To summarize what we’ve discussed so far in this series, the world is in crisis, and it’s worse than anything Fulton Sheen imagined when he wrote Philosophies at War in 1943. Then, Sheen could look to the Catholic Church to provide an integrated body of social thought to counter the distortions of capitalism and the insidious lunacy of socialism.
|Pius XII: faith must be grounded on reason.|
That is, knowledge of God’s existence and of the natural law written in the hearts of all human beings can be known by the force and light of human reason alone. It’s in Chapter 4.2 and Canon 2.1, if you’re curious. It was reiterated in the Oath Against Modernism and Humani Generis, Pope Pius XII’s encyclical “Concerning Some False Opinions Threatening to Undermine the Foundations of Catholic Doctrine” . . . of which the denial of reason as the foundation of faith is listed first, in § 2.
Thus (at least in Catholic teaching), faith, morals, and reason must all be in agreement. You can’t, as G.K. Chesterton described the efforts of the sophist Siger of Brabant, split the human head in two, and declare that —
. . . [t]here are two truths; the truth of the supernatural world, and the truth of the natural world, which contradicts the supernatural world. While we are being naturalists, we can suppose that Christianity is all nonsense; but then, when we remember that we are Christians, we must admit that Christianity is true even if it is nonsense. In other words, Siger of Brabant split the human head in two, like the blow in an old legend of battle; and declared that a man has two minds, with one of which he must entirely believe and with the other may utterly disbelieve. (G.K. Chesterton, Saint Thomas Aquinas: The “Dumb Ox”. New York: Image Books, 1956, 92-93.
|The Sophist Siger of Brabant|
When things become unbearable, however, the Christian capitalist finds he must shift gears, as it were, and get from the presumed natural highway of his mind, to the supernatural detour into otherworldliness — hopefully on a temporary basis. He shifts from what he thinks is justice, to what he thinks is charity, all the while never realizing that this bifurcation of thought is not only completely unnecessary, it has disastrous consequences. Charity is not true only as a temporary thing. It is either true all the time, or not at all.
This is because charity does not replace justice, even temporarily. Instead, charity fulfills and completes justice — permanently. The two necessarily go together and cannot be separated, any more than power and property can be disconnected for any length of time.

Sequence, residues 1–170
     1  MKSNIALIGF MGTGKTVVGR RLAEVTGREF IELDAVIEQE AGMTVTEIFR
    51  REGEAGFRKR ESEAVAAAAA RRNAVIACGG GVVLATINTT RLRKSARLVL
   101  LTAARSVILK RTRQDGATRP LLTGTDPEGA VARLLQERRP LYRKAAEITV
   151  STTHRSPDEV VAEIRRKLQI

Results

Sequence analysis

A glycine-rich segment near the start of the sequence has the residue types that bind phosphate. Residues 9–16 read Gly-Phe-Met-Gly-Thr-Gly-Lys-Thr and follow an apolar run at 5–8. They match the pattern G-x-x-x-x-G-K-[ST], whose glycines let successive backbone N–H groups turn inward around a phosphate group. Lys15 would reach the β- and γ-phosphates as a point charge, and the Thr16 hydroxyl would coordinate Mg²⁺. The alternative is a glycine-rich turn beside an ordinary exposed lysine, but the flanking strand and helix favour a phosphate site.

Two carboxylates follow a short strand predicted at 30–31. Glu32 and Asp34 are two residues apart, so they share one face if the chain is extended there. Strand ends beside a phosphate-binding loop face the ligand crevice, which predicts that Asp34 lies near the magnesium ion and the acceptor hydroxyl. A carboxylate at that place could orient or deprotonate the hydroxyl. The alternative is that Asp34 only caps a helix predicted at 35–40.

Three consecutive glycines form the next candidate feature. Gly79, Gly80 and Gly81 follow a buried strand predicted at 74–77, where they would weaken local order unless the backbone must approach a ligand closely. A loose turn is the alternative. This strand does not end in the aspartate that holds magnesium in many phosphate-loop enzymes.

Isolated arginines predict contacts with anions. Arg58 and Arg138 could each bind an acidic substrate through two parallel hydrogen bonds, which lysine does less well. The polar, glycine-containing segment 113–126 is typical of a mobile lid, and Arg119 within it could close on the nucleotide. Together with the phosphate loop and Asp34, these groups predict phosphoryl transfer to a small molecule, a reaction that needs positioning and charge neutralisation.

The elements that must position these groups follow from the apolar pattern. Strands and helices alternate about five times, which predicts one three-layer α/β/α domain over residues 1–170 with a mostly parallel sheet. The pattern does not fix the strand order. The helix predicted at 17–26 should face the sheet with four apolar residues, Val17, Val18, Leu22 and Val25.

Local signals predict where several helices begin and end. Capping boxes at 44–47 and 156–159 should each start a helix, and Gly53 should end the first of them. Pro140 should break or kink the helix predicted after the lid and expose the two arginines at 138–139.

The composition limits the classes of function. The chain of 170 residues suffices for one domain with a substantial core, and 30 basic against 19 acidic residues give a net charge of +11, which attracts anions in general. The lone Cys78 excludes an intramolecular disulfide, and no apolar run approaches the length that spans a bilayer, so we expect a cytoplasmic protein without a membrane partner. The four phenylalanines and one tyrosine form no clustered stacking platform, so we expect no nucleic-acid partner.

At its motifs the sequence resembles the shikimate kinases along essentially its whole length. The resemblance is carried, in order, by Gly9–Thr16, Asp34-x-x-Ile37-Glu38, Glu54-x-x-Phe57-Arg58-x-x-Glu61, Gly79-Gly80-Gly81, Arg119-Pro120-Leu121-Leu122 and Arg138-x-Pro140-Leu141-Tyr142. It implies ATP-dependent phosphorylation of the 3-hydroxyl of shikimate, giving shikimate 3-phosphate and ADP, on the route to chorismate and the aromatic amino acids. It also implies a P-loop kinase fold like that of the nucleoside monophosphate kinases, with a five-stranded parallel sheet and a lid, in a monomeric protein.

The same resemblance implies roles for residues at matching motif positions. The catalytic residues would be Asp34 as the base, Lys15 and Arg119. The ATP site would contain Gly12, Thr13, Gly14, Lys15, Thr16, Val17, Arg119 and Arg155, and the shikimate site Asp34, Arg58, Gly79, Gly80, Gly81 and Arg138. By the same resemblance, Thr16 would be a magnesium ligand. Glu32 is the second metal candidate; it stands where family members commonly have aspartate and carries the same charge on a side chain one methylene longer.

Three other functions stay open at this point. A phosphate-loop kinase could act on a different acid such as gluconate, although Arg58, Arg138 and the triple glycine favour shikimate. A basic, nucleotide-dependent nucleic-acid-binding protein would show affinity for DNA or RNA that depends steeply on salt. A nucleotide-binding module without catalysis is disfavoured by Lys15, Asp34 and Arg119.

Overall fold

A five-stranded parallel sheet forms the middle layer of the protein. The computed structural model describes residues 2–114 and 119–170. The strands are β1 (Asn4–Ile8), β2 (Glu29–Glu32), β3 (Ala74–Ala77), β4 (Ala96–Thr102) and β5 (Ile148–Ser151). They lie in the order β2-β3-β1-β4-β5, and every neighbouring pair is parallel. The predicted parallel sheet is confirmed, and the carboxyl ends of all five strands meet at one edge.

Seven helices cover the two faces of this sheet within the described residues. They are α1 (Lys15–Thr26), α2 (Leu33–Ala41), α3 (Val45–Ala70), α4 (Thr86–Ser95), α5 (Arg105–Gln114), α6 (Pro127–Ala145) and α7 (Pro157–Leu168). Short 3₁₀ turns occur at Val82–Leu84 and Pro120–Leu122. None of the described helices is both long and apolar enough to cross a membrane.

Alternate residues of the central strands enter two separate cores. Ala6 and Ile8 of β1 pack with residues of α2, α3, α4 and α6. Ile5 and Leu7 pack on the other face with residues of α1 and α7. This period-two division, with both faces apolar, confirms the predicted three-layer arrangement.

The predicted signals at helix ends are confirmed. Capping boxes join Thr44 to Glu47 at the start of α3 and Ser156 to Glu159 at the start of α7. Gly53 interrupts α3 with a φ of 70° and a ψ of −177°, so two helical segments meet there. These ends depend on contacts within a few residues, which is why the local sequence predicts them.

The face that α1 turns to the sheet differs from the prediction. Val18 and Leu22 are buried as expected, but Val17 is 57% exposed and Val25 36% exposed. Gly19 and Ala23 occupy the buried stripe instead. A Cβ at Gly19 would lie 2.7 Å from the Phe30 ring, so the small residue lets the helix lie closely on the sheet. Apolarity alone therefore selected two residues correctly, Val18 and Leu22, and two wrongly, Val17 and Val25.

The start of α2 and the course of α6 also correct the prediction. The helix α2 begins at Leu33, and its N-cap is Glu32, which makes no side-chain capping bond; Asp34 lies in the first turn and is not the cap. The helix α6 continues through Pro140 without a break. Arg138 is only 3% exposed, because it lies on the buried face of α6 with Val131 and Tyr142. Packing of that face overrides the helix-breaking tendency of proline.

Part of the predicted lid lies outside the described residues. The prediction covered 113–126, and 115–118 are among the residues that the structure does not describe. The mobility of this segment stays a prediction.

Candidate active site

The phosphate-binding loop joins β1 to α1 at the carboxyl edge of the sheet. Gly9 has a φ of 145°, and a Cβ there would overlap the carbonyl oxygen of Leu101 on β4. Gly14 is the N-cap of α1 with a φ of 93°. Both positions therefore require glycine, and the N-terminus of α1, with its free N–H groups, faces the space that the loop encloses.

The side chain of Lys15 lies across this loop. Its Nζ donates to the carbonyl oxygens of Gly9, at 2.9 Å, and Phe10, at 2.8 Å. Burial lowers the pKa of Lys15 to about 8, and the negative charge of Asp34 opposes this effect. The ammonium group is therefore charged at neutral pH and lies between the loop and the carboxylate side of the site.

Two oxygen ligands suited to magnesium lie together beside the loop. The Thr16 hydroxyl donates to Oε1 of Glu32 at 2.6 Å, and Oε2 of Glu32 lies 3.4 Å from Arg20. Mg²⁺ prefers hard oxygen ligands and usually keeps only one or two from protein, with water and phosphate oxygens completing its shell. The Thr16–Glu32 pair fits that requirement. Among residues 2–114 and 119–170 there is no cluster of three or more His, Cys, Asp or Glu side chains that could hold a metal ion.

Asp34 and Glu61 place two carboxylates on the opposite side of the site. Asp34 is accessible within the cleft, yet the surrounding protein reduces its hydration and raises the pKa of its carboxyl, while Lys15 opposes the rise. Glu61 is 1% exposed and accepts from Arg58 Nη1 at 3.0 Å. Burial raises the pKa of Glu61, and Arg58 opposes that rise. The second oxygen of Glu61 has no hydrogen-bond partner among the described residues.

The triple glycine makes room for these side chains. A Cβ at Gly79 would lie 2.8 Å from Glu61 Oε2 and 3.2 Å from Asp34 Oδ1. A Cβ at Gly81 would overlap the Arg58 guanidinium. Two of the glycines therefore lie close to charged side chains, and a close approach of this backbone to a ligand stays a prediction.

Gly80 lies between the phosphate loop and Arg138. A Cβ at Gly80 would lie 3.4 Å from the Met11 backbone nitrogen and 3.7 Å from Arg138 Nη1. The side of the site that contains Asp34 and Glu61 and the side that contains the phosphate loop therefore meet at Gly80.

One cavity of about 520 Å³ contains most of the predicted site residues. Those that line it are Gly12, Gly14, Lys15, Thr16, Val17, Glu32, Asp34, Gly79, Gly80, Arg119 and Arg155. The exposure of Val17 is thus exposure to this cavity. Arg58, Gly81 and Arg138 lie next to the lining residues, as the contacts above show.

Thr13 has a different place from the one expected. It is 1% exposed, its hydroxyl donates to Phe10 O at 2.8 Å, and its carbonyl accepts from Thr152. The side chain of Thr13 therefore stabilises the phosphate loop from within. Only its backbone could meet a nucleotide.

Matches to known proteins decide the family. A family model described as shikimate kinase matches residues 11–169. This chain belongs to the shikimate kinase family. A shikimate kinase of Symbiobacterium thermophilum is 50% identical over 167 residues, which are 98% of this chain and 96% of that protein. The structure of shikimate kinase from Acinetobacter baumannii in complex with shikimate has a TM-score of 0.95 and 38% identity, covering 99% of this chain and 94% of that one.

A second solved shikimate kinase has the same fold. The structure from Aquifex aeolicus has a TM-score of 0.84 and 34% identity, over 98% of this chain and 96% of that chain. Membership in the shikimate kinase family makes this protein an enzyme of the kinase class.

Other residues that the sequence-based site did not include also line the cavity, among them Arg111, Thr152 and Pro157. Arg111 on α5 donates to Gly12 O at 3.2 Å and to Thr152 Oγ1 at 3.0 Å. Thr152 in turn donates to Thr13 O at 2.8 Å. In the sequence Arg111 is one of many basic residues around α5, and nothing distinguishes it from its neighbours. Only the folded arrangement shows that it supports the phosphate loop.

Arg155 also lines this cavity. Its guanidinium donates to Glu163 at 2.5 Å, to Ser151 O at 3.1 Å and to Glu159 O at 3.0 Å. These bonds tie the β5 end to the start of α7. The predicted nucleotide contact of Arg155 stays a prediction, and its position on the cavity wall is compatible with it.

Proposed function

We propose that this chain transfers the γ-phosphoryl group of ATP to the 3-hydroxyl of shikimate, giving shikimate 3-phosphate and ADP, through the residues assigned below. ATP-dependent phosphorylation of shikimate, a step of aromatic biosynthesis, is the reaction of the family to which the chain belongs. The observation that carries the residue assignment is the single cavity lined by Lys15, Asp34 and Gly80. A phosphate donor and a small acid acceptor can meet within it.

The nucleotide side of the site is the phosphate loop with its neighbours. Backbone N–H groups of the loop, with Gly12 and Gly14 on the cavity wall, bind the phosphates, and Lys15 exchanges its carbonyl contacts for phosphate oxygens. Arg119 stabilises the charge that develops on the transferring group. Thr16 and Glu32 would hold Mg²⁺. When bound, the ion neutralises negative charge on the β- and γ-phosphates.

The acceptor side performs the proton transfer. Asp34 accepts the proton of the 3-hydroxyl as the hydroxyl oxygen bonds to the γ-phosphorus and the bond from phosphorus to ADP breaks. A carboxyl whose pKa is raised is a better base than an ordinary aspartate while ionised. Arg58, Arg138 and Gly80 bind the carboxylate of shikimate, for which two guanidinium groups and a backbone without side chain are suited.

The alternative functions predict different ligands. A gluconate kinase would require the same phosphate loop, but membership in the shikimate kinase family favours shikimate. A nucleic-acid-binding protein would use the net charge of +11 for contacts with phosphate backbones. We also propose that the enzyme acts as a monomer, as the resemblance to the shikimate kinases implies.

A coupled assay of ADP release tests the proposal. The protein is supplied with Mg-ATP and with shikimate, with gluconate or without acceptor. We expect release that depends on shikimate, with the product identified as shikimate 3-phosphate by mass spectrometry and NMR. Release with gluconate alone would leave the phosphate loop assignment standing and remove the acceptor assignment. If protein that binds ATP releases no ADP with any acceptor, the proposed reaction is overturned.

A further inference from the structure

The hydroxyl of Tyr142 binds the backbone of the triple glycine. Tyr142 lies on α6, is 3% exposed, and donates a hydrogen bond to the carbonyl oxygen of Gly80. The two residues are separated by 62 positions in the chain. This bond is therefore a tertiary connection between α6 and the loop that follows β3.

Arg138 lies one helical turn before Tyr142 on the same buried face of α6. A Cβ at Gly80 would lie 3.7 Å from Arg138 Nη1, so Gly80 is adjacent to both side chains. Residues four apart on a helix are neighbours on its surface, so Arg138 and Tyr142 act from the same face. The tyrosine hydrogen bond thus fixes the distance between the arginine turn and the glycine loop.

Yet, if the Christian capitalist is inconsistent by separating justice and charity, the Christian socialist is completely irrational. Where the Christian capitalist admits a role, albeit hopefully temporary, for what he thinks is charity, the Christian socialist rejects a distorted concept of justice altogether and replaces it permanently with a perverted idea of charity.
He sees that justice à la capitalism has failed, and concludes either that it is not really justice, or that charity must take its place. In the former case, he simply redefines justice in charitable terms, usually some form of redistribution based on need. In the latter — and more honest — case he simply dismisses justice and claims to base everything on charity; “all you need is love.”
This, however, is just the error of the capitalist all over again, except more extreme and in the opposite direction. The capitalist tries to work within a system in which justice and charity take turns, so to speak. Justice is true except when charity becomes necessary, and charity is true until justice can take over again. Thus, for the capitalist, both charity and justice are true, but justice is more true than charity. The natural world is what counts for the capitalist; the supernatural is merely an expedient.
The socialist does the capitalist one better by claiming, in effect, that justice is never true, or (at least) has been wrongly defined, and is therefore not true as the capitalist understands it. Ironically, the socialist is usually correct that the capitalist misunderstands justice. Unfortunately, he, the socialist, is not therefore correct. He simply has a different misunderstanding than the capitalist.
The socialist then tosses out the capitalist’s type of justice and replaces it with what he calls justice (or charity; it doesn’t matter which), which in his opinion is always true, even when it’s neither justice nor charity. Thus, for the socialist, justice is either not true at all, or is true in a different and lesser way than charity, which is always true, even when it is not. The natural world is also what counts for the socialist; the supernatural is confused with the natural in a way that loses its special character and becomes a perverted version of the natural.